Once subscribed, the requested events will be received as they are produced. To unsubscribe from event notifications, repeat the request, using “unsubscribe” for the “name”. For example, to unsubscribe from dispatcher events:

{
"namespace" : "events",
"name" : "unsubscribe",
"id" : "sampleID",
"args" : ["dispatcher"]
}

This response indicates that a dispatcher event occurred:

{
"namespace" : "events",
"name" : "event",
"id" : "",
"args" : {
  "name" : "dispatcher",
  "args" : "<message>"
  }
}

A “dispatcher” query contains several parameters:

Parameter Value Description
id   Any unique value for the request, including a hash, checksum, or uuid.
name dispatcher  
namespace events  
action   “run” submits process commands

Dispatcher events have a specific syntax:

Websocket Request

{
 "namespace" : "events",
 "name" : "dispatcher",
 "id" : "",
 "args" : {
       "cmd_list" : ["/bin/echo something"],
       "log" : "[Running Command: /bin/echo something ]something\n",
       "proc_id" : "procID",
       "success" : "true",
       "time_finished" : "2016-02-02T13:45:13",
       "time_started" : "2016-02-02T13:45:13"
 }
}

Any user within the wheel group can use the run action to submit a new job to the dispatcher:

REST Request

PUT /rpc/dispatcher
{
  "action" : "run",
  "procID2" : [
     "echo chainCmd1",
     "echo chainCmd2"
  ],
  "procID1" : "echo sample1"
}

REST Response

{
   "args": {
       "started": [
           "procID1",
           "procID2"
       ]
   }
}

WebSocket Request

{
  "name" : "dispatcher",
  "namespace" : "rpc",
  "id" : "fooid",
  "args" : {
     "procID1" : "echo sample1",
     "procID2" : [
        "echo chainCmd1",
        "echo chainCmd2"
     ],
     "action" : "run"
  }
}

WebSocket Response

{
 "args": {
   "started": [
     "procID1",
     "procID2"
   ]
 },
 "id": "fooid",
 "name": "response",
 "namespace": "rpc"
}

When submitting a job to the dispatcher, there are several points to remember:

  • Process commands are not the same as shell commands. A dispatcher process command uses the syntax “<binary/utility> <list of arguments>”, similar to a simple shell command. However, complex shell operations with pipes or test statements will not function properly within a dispatcher process.
  • There are two types of jobs: a single string entry for simple commands, and an array of strings for a chain of commands. A chain of commands is treated as a single process, and the commands are run sequentially until either a command fails (returns non-0 or the process crashes), or until there are no more commands to run.
  • A chain of commands is useful for multi-step operations but is not considered a replacement for a good shell script on the server.

1.4. Server Subsystems

The RPC namespace can be used to get information about SysAdm™ server subsystems. This namespace supports the following parameters:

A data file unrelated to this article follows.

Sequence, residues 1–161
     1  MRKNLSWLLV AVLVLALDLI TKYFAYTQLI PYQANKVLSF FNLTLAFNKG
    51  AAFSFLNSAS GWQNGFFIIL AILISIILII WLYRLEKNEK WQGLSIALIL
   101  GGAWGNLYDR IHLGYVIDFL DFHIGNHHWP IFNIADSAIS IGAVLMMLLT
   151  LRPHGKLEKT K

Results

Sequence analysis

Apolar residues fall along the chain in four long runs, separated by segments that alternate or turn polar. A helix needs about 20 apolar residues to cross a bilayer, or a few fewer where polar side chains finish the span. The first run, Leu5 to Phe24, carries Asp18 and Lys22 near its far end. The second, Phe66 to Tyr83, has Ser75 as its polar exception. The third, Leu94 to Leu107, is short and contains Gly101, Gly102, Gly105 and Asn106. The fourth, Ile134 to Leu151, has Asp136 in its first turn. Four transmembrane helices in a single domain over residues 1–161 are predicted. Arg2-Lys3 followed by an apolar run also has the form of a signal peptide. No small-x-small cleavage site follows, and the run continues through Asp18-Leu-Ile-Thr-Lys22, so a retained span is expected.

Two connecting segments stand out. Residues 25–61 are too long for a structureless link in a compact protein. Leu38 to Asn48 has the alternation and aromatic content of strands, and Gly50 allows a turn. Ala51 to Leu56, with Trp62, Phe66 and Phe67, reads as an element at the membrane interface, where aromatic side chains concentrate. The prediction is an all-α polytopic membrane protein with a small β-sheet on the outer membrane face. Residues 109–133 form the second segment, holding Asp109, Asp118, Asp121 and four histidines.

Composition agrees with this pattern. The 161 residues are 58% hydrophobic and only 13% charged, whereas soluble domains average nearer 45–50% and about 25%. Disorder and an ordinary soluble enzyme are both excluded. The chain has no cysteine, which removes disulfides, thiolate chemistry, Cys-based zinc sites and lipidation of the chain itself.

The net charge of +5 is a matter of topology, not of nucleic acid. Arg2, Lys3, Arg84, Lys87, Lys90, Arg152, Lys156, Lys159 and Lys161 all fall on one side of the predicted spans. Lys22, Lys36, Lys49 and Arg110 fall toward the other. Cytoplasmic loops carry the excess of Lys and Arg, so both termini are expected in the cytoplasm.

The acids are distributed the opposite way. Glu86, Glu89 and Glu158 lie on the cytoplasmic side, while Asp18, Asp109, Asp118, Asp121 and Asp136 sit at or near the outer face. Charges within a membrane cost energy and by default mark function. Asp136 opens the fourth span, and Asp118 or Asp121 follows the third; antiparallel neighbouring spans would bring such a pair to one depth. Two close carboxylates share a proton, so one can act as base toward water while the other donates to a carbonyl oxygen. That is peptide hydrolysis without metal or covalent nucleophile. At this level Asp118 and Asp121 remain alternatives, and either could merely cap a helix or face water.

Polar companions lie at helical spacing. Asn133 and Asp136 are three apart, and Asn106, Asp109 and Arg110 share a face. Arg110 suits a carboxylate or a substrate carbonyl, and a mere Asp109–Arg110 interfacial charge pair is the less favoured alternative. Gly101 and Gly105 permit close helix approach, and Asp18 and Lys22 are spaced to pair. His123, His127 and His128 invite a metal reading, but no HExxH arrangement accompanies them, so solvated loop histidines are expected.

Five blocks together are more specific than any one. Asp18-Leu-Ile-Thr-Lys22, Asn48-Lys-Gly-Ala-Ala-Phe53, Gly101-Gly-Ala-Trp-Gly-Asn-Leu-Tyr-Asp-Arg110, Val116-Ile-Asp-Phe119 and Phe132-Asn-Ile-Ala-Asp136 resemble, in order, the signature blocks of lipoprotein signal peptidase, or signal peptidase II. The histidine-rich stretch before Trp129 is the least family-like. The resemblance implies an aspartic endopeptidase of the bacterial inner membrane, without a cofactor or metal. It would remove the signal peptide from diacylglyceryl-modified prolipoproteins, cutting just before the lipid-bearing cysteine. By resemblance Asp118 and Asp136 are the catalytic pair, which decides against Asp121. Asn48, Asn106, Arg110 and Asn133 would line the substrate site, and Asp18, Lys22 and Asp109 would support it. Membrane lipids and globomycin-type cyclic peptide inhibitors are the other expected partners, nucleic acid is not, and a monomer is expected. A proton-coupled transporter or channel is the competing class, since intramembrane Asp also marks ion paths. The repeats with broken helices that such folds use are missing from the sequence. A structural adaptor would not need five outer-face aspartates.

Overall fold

Parameter Value Description
id   Any unique value for the request, including a hash, checksum, or uuid.
name   Supported names are “query”, “identify”, and “list_ssl_checksums”
namespace rpc  
args   Can be any data.

The rest of this section provides examples of the available names for each type of request, along with their responses.

1.4.1. Query Subsystems

An RPC query can be issued to probe all the known subsystems and return which ones are currently available and what level of read and write access the user has. This subsystem is used only by the server.

REST Request

PUT /rpc/query
{
 "junk" : "junk"
}

REST Response

{
   "args": {
       "rpc/dispatcher": "read/write",
       "rpc/syscache": "read",
       "sysadm/lifepreserver": "read/write",
       "sysadm/network": "read/write"
   }
}

WebSocket Request

{
  "id" : "fooid",
  "name" : "query",
  "namespace" : "rpc",
  "args" : {
     "junk" : "junk"
  }
}

WebSocket Response

{
 "args": {
   "rpc/dispatcher": "read/write",
   "rpc/syscache": "read",
   "sysadm/lifepreserver": "read/write",
   "sysadm/network": "read/write"
 },
 "id": "fooid",
 "name": "response",
 "namespace": "rpc"
}

1.4.2. Identify Subsystem

To identify the type of SysAdm system, use identify. Possible identities are “server”, “bridge”, and “client,” with all three system types using this subsystem.

REST Request

PUT /rpc/identify
{}

WebSocket Request

{
  "args" : {},
  "namespace" : "rpc",
  "id" : "fooid",
  "name" : "identify"
}

Response

{
 "args": {
   "type": "server",
   "hostname": "<hostname>"
 },
 "id": "fooid",
 "name": "response",
 "namespace": "rpc"
}

1.4.3. List SSL Checksums

Used by both server and client, list_ssl_checksums lists the MD5 checksums of all known SSL keys.

REST Request

PUT /rpc/settings
{
  "action" : "list_ssl_checksums"
}

WebSocket Request

{
  "args" : {
     "action" : "list_ssl_checksums"
  },
  "namespace" : "rpc",
  "name" : "settings",
  "id" : "fooid"
}

Response

{
 "args": {
   "md5_keys": [
     "0`H\u0013\r*\u00023\u000bc"
   ]
 },
 "id": "fooid",
 "name": "response",
 "namespace": "rpc"
}